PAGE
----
I told him "We'll have to agree to differ". I suggested he put "Kiss" on the cover. He declined and put a pile of crap on the cover instead. If you doubt that remark - check out the issue. He then turned to me and said, rather enigmatically "It's pearls before swine isn't it?" and I simply replied "Definitely". (We know this story, don't we?). It did appear in the magazine, though. As I write this, "Kiss" has now been published in over 25 countries and has also appeared on many covers. 'Kiss' was first published alongside all the new fetish erotic work. Both incredibly innovative. That is really what I am about. Photographer doesn't describe me, neither does art photographer. Artist has become an awful pejorative. What I am is an art innovator working in new media.
It should be immediately understood that an image like "Kiss On Frosted Glass" is only possible in the medium of photography. It could never be painted. The geometrically precise texture of the metal could never be convincingly achieved, and I have yet to see anyone paint frosted glass - or for that matter fire and water - with any degree of verisimilitude. Photography is best equipped to represent modern life in all its exactitude and glory. Painting belongs to a lost time. If I didn't feel that way I would have painted. After all my initial talent first manifested itself in paint. I won painting competitions at the age of 6. Alas, at 7 I discovered photography and never looked back.
As an innovator it has always been my quest to create images in photography which are not possible by any other means and I have consistently achieved this. To me photography is a superior medium. Few, if any, understood this vision in 1970. As we approach the new millennium, far more people do. Photography is simply more powerful. Photography was the first new art medium in centuries, so of course no-one was expecting a change and people dislike change. But it doesn't take a genius to figure out that photography has crept up on us - rather like rock, pop and all its variants - and is now the dominant modern medium.
Of course you will always have old souls and those born too late, with an enthusiasm for vintage Bentleys, antique oak and classical music. Some people just don't appreciate anything until it's gone. Thank God for those people, they will collect my work in a hundred years time!! The truth about Art is that even the finest is rarely timeless. Great art travels through time better than average art, of course. but perhaps the true test of great art is how long the world remains moved by it.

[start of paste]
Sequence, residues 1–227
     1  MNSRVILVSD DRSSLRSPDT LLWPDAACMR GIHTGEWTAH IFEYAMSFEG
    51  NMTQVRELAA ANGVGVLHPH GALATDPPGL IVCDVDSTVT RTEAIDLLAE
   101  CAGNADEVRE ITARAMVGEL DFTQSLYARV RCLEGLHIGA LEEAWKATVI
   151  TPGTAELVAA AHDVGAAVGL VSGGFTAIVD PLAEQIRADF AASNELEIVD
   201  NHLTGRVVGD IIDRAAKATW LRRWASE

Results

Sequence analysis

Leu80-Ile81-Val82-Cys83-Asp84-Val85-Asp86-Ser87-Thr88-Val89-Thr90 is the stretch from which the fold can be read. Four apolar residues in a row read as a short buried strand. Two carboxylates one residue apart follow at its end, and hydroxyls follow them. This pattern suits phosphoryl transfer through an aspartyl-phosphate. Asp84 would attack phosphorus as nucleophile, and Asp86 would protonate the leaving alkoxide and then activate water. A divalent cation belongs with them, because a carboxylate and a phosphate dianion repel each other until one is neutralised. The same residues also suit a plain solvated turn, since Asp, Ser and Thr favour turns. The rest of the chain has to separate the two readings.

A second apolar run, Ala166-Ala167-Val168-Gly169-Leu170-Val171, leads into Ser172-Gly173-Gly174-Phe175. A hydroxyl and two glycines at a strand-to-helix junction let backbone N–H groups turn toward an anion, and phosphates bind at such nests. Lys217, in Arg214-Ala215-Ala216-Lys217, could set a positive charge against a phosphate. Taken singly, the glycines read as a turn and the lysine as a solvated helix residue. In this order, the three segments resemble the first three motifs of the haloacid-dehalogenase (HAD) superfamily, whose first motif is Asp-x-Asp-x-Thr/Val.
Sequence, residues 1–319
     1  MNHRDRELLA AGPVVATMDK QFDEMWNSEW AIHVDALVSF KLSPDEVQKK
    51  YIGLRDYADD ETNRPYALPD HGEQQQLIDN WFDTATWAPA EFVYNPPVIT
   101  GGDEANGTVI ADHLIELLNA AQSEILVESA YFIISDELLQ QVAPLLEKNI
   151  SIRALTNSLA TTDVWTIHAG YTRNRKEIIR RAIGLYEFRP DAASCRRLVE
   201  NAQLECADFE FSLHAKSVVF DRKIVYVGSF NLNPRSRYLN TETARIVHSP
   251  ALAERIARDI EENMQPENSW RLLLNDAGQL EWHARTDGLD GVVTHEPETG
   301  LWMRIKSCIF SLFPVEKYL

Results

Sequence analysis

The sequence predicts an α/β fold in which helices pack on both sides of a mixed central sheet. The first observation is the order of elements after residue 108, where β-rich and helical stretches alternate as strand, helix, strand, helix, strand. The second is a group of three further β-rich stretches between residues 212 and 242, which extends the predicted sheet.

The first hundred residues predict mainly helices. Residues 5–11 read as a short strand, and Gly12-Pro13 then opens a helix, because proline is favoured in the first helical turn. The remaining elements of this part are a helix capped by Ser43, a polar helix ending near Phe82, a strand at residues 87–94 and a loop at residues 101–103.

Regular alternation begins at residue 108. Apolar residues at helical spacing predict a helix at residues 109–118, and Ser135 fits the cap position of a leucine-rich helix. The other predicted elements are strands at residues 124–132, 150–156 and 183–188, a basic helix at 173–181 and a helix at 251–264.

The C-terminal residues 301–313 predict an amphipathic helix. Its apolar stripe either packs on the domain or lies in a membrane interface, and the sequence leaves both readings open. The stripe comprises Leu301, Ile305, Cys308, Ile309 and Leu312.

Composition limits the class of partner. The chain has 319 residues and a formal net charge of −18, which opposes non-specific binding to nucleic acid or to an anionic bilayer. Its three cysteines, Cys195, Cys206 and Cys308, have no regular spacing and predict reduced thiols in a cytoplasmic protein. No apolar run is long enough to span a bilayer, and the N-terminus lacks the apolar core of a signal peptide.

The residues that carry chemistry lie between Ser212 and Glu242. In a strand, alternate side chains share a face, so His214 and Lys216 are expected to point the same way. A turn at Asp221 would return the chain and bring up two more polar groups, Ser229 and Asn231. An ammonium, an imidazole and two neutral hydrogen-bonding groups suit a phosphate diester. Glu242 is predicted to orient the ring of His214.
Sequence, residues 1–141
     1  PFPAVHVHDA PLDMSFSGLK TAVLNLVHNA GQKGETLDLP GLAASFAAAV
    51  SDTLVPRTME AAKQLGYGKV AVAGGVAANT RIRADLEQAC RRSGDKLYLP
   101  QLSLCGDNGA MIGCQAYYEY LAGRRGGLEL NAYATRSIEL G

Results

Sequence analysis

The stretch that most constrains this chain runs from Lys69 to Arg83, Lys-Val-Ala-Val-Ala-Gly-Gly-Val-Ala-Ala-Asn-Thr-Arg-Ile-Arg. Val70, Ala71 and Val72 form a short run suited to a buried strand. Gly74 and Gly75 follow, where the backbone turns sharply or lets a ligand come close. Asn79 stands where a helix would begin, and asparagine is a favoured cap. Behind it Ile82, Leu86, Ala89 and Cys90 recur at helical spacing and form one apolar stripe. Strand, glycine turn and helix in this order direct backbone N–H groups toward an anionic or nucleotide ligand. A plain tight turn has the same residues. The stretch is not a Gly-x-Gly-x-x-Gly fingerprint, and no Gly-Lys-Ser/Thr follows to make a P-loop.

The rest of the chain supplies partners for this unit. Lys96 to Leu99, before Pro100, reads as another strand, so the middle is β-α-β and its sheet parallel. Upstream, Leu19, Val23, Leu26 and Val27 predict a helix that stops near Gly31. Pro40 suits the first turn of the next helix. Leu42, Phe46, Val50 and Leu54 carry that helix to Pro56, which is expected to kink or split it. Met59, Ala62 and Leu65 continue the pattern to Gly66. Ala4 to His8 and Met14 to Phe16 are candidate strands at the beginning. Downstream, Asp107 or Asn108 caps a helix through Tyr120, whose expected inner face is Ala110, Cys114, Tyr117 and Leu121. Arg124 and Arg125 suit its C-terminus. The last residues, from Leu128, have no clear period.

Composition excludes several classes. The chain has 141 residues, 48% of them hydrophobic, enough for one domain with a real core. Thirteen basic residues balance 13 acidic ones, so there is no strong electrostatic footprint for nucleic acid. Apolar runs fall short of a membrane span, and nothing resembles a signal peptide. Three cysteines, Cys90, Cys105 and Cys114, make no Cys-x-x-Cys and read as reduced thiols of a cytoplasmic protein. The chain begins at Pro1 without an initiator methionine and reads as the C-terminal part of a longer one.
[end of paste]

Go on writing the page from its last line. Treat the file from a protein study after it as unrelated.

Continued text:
I absolutely LOVE the era I was born into. Former times would have unfolded too slowly for me. That is why I am busy representing the contemporary and inventing the future, artistically. I'm not looking back. For Elliott, everything of great cultural value has been created in the last hundred years and will be created tomorrow. There are a few notable exceptions, I know. However much some may not want to believe it (the vast majority of humanoids have a negative polarity), the human race is getting better at everything.
Anyway, to bring this meandering piece back on line, "Kiss" taught me that effort does not always equal result. Although doubtless there is no substitute for mastery. Sometimes it takes years of hard work to do something with great facility. Like playing a musical instrument. As Michaelangelo said "If people knew how hard I had worked to acquire this talent, they wouldn't be surprised anymore". I'll drink to that. Champagne please... someone..........
The title, by the way, existed before I began. It has a euphonic quality that makes it a pleasure to say. My titles are works of art too. In Photography (and elsewhere in Art) I kept seeing "Untitled 49" and "The View Towards Rocky Heights" or "Hands With Thimble" or some other egregious or banal twaddle. As a young teenager I thought this was just unimaginative bollocks!! (It still makes me groan).
I continue my love affair with "Kiss On Frosted Glass" every time I look at it. I know its a masterpiece and it has hung permanently in my various homes in Hampstead, Belsize Park and Saint John's Wood, without interruption, since I created it, many years ago.
It stands out like a neon rose in a field full of dying weeds.
A powerful and emotional image, in a spiritually bankrupt art world.
Written by JAMES ELLIOTT
Greencroft Gardens, London
This is the first piece Elliott ever wrote and published on the web.
Surprised by the number of people hitting his single page,
he decided to create a complete website.
This eventually evolved into the megasite that exists today,
but this essay was the first building block.
© JAMES ELLIOTT 1997